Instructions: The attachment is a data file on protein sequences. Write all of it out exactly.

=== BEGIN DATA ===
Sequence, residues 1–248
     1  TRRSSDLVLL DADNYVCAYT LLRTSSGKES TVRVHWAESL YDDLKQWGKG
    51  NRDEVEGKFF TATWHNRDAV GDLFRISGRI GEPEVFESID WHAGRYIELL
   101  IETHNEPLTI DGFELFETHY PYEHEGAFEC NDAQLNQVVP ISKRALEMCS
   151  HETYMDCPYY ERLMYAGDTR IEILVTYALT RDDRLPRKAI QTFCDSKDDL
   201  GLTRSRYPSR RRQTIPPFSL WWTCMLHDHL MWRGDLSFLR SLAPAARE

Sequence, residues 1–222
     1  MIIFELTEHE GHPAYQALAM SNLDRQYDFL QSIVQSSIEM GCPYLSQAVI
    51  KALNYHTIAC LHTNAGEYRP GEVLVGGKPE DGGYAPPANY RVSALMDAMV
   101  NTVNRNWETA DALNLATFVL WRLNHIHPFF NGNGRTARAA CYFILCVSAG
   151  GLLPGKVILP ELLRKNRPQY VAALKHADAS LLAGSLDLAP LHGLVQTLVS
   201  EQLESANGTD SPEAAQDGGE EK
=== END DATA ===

Sequence, residues 1–248
     1  TRRSSDLVLL DADNYVCAYT LLRTSSGKES TVRVHWAESL YDDLKQWGKG
    51  NRDEVEGKFF TATWHNRDAV GDLFRISGRI GEPEVFESID WHAGRYIELL
   101  IETHNEPLTI DGFELFETHY PYEHEGAFEC NDAQLNQVVP ISKRALEMCS
   151  HETYMDCPYY ERLMYAGDTR IEILVTYALT RDDRLPRKAI QTFCDSKDDL
   201  GLTRSRYPSR RRQTIPPFSL WWTCMLHDHL MWRGDLSFLR SLAPAARE

Sequence, residues 1–222
     1  MIIFELTEHE GHPAYQALAM SNLDRQYDFL QSIVQSSIEM GCPYLSQAVI
    51  KALNYHTIAC LHTNAGEYRP GEVLVGGKPE DGGYAPPANY RVSALMDAMV
   101  NTVNRNWETA DALNLATFVL WRLNHIHPFF NGNGRTARAA CYFILCVSAG
   151  GLLPGKVILP ELLRKNRPQY VAALKHADAS LLAGSLDLAP LHGLVQTLVS
   201  EQLESANGTD SPEAAQDGGE EK